“T-Mobile’s sole focus remains helping Sidekick customers recover from this disruption,” said spokesman David Beigie.

Windows 7 to Cost Students $30

September 18, 2009

Microsoft is planning to offer a huge discount for college students who want to pick up a copy of their upcoming Windows 7.

From CNET:

Starting October 1–and for a limited time–those in the U.K. will be able to preorder Windows 7 for 30 British pounds, according to a Microsoft Web site. In a Twitter posting, Microsoft said that U.S. college students will be able to get the software for $30, but the Web site it linked to does not yet have details on the offer.

“This offer is specifically designed for those students who are not planning to purchase a new PC this year but would still like to take advantage of what Windows 7 offers,” a Microsoft representative said. Those who order the software will be able to download it when Windows 7 ships on October 22. Students interested in the deal need a valid college e-mail address.

Microsoft plans similar offers in Canada, Australia, Korea, Mexico, France, and Germany, though the prices will vary somewhat.

In the U.S., students can preorder their copy of Windows 7 beginning later Thursday, while those in most other countries where the deal is being offered will have to wait to order until October 22. In most markets, the offer will end on January 3, though it will run longer in some places, such as Australia, where it will be available through the end of March.

No Windows Mobile For Palm

September 18, 2009

Palm has announced that the company will abandon the Windows Mobile platform in favor of its own webOS mobile operating system.

From InformationWeek:

“We’ve made the decision to dedicate all future development resources to the evolution of webOS,” said Palm CEO Jon Rubenstein, in a conference call with investors, according to numerous industry blogs. “Going forward, our roadmap will include only Palm webOS-based devices,” Rubinstein reportedly said.

Palm’s webOS powers its new Pre device, which the company is positioning as an alternative to RIM (NSDQ: RIMM)’s ubiquitous Blackberry for road warriors and other business professionals. Other Palm offerings, like the popular Treo, run Windows Mobile.Reasons behind the move were not immediately clear, but Palm’s decision to ditch Windows Mobile in favor of its own technology means that it won’t have to pay licensing fees to Microsoft for the phones it sells. Palm needs to shore up its bottom line, as the company on Thursday reported a quarterly net loss of $161.1 million, compared to a loss of $39.5 million for the same period a year ago.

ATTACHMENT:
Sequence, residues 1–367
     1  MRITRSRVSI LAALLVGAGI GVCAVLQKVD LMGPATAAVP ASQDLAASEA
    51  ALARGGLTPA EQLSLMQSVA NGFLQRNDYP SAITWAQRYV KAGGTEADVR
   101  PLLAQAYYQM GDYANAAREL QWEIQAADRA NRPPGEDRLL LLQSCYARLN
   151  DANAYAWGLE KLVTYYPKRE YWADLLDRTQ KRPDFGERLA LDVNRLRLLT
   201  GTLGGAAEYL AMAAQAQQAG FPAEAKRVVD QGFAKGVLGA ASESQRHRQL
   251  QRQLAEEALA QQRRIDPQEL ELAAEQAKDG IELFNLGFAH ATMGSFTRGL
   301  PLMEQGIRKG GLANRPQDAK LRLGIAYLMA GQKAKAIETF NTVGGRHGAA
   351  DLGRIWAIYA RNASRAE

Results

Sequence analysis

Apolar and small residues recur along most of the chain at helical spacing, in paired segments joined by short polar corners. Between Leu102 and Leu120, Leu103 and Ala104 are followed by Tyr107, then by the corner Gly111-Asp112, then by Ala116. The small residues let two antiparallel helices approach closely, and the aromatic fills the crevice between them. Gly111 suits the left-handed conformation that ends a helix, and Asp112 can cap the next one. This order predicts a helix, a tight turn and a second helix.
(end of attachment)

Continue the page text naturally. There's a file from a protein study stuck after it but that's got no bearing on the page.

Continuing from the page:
Motorola Introduces Android Phone

September 10, 2009

Motorola unveiled its first device using Google’s Android system today, hoping that it will attract consumers looking to use their phones to connect with friends, family and colleagues.

From the Associated Press:

The Cliq comes with a touch screen and a standard, “QWERTY” keyboard that slides out from its side. Software on it will let users aggregate contact information from various social networks and e-mail accounts. Small application “widgets” will show such information as your friends’ Facebook status updates on the home screen.

The new device also sports a five-megapixel camera, allowing for sharper images than most other phones, including Apple Inc.’s iPhone and its three-megapixel resolution.

The Cliq, which Motorola unveiled Thursday during a GigaOM mobile Internet conference in San Francisco, will be available from wireless carrier T-Mobile in time for the holiday season. Pricing and release details will be announced within three weeks.

Motorola plans to unveil a second Android phone in the coming weeks. It will also be available for the holidays, most likely through Verizon Wireless, which has already said it will be one of the U.S. carriers for a Motorola smart phone.

From IDG News Service:

The touch-screen phone will use an upcoming Internet-based service for Motorola phones called MotoBlur, which will integrate information from users’ contacts on a variety of social-networking services including Facebook, Twitter and MySpace. MotoBlur users will be able to combine their contacts on all those networks into one contact list, organize their own groups or divide contacts by social network, according to Sanjay Jha, co-CEO of Motorola and CEO of the company’s Mobile Devices group.

The Cliq, unveiled at the Mobilize conference in San Francisco, will have a slideout QWERTY keyboard as well as a touch screen. It will come with Wi-Fi as well as 3G (third-generation) connectivity, a 5-megapixel camera that can shoot video at 24 frames per second and a standard 3.5mm headphone jack.


Palm Pre Hits June 6

May 19, 2009

Looks like the Palm Pre will be available June 6 for about $200. This comes with a new two-year contract from Sprint.

Check out the story from Marin Perez at InformationWeek for more information!

From InformationWeek:

Once the undisputed U.S. leader of the smartphone market, Palm has been thoroughly outpaced by the likes of Apple and Research In Motion (NSDQ: RIMM). The Pre, which was introduced at January’s Consumer Electronics Show, was well-received by the press, and Palm is looking to use it as a springboard for a comeback.

With a large capacitive touch screen, Wi-Fi, 3G, GPS, 8 GB of storage, and Bluetooth, the Pre stacks up well against rivals like the iPhone 3G, BlackBerry Storm, and the T-Mobile (Android) G1. One of the most appealing features of the Pre is webOS, the operating system that combines a variety of online services into a finger-friendly user interface.